When you hear the word “meek,” what do you envision? Probably something similar to the picture above. Before the experimental serum, Steve Rogers epitomized our view of meekness. He was small, frail, and weak. He was gentle, timid, soft-spoken, and submissive. Typically, we do not think meek people such as Rogers can make good heroes or leaders. Like Rogers, the meek are found wanting in society’s scales of leadership and strength. Captain America, on the other hand, is the embodiment of these three qualities; however, there is a problem: Captain America is Steve Rogers. But more problematic is this: we falsely view meekness as weakness.
Dictionary.com offers this flattering definition of meekness: “spineless or spiritless; compliant.”1 The view of meekness as weakness is problematic when one considers the word’s associating characteristics. Another definition, offered by Merriam-Webster, reads “having or showing a quiet, gentle, and humble nature.”2 This is the center of the problem. Meekness is simultaneously associated with weakness, timidity, and “spinelessness,” along with humility, gentleness, and longsuffering. Meekness thus does not rank high on a list of qualities you look for in a leader.
Anyone reading this who has ever won a Bible Bee has probably recalled the kinda-sorta-but-not-really famous verse saying “Now the man Moses was very meek, more than all people who were on the face of the earth” (Num 12:3 ESV). Or more likely, Jesus’s actually-famous “Blessed are the meek, for they shall inherit the earth” (Mt 5:5). We can probably go ahead and say that Moses was not spineless and Jesus does not want us to be timid.
So what does “meek” mean?
In Numbers 12:3 the Hebrew word used, עָנָיו, has a range of meanings, including lowly, humble, trustful, and not being self-assertive. The Septuagint uses the adjective πραΰϛ seventeen times, and the same word is used in the New Testament four times as an adjective and eleven times in the noun form.3 If we want to understand what meekness means here, the concept of self-assertiveness is critical. The context of Numbers 12:3 is one where Miriam and Aaron were arrogant, self-assertive, and self-authoritative. Moses’s authority came from God. He was a faithful servant and a godly leader because he acknowledged this.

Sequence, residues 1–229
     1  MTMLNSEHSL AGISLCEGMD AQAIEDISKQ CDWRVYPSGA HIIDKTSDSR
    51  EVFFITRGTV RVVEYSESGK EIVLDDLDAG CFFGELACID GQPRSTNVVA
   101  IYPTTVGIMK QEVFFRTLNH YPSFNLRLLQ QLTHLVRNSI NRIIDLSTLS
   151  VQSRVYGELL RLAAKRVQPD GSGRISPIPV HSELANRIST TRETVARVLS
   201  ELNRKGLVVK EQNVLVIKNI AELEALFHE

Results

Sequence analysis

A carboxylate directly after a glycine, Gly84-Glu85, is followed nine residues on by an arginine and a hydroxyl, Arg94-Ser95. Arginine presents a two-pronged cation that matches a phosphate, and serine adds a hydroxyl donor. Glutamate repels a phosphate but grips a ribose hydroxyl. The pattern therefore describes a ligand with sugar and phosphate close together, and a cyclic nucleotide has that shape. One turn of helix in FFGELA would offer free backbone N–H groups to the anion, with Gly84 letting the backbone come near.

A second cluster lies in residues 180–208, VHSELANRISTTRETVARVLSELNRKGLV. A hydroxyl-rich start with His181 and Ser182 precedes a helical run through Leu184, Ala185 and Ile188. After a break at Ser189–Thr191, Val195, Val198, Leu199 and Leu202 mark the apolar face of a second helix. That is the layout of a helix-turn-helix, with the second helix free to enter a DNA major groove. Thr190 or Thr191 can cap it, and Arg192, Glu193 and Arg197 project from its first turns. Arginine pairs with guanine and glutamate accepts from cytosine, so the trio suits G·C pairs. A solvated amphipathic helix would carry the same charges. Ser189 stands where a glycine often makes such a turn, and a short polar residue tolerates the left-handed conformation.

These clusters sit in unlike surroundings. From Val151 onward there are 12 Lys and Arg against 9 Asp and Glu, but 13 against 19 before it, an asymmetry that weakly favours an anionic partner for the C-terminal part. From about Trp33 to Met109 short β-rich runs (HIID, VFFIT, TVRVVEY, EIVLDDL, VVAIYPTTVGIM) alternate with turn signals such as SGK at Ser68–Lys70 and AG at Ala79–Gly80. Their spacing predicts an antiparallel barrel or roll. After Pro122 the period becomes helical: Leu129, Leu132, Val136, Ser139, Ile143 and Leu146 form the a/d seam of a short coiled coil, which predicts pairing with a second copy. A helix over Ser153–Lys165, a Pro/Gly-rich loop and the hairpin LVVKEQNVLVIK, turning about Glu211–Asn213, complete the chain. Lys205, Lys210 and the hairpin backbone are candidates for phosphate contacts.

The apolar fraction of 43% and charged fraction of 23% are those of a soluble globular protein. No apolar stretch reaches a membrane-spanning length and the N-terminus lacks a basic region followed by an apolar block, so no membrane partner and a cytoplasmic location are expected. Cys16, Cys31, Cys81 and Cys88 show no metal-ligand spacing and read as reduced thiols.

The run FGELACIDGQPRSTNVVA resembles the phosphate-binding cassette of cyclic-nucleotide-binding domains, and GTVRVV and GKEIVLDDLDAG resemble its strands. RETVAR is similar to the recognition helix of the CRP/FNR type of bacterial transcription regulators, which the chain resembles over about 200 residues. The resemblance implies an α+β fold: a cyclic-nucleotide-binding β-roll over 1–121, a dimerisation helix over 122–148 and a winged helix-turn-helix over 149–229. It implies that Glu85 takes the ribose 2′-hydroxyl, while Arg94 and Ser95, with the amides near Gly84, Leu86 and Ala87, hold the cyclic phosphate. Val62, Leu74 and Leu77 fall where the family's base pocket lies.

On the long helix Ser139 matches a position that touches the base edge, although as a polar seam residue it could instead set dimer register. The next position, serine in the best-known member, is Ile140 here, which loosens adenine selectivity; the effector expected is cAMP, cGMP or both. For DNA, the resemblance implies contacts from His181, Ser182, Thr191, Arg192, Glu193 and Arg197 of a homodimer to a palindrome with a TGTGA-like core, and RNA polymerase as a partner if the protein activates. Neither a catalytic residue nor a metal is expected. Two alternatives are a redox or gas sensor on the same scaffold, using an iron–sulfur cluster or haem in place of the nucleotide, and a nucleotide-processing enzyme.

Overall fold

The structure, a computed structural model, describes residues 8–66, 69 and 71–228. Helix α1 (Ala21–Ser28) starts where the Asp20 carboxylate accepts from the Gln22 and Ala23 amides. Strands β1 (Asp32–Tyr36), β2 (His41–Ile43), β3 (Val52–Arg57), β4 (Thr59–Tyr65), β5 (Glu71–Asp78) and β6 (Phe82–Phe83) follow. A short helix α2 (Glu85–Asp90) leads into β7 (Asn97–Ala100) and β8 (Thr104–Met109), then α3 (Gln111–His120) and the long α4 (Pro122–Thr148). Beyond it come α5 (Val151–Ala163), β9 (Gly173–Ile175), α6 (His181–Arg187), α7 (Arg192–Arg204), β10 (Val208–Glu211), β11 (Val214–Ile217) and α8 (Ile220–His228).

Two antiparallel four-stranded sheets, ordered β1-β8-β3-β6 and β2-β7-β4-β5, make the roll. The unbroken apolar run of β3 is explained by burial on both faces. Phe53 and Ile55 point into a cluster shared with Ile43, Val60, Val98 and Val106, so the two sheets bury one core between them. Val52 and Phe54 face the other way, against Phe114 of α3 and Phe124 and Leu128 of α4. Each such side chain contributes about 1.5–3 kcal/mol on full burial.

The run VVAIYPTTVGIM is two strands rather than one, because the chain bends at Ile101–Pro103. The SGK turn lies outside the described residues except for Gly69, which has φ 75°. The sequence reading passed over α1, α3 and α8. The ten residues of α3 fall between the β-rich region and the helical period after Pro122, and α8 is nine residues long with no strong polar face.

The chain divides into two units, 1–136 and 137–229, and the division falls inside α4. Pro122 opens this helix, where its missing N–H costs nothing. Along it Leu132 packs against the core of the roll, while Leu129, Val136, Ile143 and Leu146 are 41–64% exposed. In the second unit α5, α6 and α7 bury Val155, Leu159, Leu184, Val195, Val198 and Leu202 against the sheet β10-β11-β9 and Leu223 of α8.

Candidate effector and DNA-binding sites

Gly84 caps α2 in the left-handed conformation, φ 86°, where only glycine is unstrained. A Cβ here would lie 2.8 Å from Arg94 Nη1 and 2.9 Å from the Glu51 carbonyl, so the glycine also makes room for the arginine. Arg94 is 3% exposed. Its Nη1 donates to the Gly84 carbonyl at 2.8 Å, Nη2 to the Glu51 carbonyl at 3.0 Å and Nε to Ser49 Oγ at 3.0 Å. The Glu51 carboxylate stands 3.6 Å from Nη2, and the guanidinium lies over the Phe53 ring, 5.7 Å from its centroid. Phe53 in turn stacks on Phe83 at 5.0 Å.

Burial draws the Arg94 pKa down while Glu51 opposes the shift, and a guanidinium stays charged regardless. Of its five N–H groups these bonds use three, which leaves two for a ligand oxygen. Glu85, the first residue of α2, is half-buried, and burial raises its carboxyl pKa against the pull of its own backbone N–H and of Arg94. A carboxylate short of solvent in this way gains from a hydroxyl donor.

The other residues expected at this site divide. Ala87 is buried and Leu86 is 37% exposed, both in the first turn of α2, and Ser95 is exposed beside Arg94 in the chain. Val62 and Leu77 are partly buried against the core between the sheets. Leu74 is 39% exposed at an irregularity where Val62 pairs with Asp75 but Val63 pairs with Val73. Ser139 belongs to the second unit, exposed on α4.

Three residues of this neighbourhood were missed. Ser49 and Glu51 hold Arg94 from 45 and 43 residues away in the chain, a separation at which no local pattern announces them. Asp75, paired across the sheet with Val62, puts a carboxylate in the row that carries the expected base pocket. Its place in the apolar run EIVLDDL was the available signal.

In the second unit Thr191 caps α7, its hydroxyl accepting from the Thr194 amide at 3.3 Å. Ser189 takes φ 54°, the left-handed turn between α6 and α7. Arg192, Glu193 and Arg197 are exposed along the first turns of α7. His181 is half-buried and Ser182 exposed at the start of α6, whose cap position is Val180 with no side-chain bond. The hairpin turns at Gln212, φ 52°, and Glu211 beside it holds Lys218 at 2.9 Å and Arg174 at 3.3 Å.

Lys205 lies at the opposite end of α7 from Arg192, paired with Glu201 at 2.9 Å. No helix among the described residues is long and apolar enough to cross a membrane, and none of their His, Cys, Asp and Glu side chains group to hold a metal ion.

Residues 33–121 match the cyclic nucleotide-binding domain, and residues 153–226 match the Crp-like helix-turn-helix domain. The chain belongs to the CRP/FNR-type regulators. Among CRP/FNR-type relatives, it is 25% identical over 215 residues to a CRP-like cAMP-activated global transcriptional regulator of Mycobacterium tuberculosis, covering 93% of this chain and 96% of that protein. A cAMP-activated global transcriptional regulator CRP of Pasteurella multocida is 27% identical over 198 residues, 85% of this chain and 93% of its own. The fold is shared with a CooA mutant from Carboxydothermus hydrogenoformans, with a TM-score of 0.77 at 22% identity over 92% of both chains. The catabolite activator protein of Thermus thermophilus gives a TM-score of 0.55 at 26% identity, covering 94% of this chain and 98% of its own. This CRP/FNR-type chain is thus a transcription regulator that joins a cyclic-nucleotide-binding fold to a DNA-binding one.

Moses was a great leader. He was sort of like a super-hero. He stood up to one of the most powerful men in the world, led a very large number of disgruntled Israelites, commanded the Red Sea to separate, and rocked an epic beard to boot. Moses was meek and he certainly wasn’t weak. Moses possessed a leadership style in which his power and confidence rested in his relationship with God. Yet he did this by recognizing God’s authority and not his own.
Jesus also described himself as meek. He told his disciples “Take my yoke upon you, and learn from me, for I am gentle (πραΰϛ) and lowly in heart, and you will find rest for your souls” (Mt 11:29). Close to meekness is the concept of gentleness, which is best understood as “power under control.” Christ is gentleness personified.
So where does this leave us?
We need to reevaluate how we view leadership. Christians are not in a position to accept the dominant modern Western view of leaders as self-confident, power-strutting, socially-dominating, self-assertive alphas. This isn’t what leadership is supposed to look like. Donald Trump is not our model – Jesus is. Moses and Jesus were the absolute meekest men alive in their times, but they were also the greatest leaders. Christian leaders – and I mean all Christians who lead anything – need to look at the models we have been given. Strive for meekness. Strive for humility and gentleness. Strive for a sense of confidence and assertiveness that rests in your identity in Christ.
Also, watch Captain America again. You will see that Captain America, who is really just Steve Rogers, is, in fact, meek, but not for the reasons initially listed. Meekness isn’t weakness, it is a central virtue of true leadership.
Daniel Lowery ’16 is a Government concentrator living in Dudley House.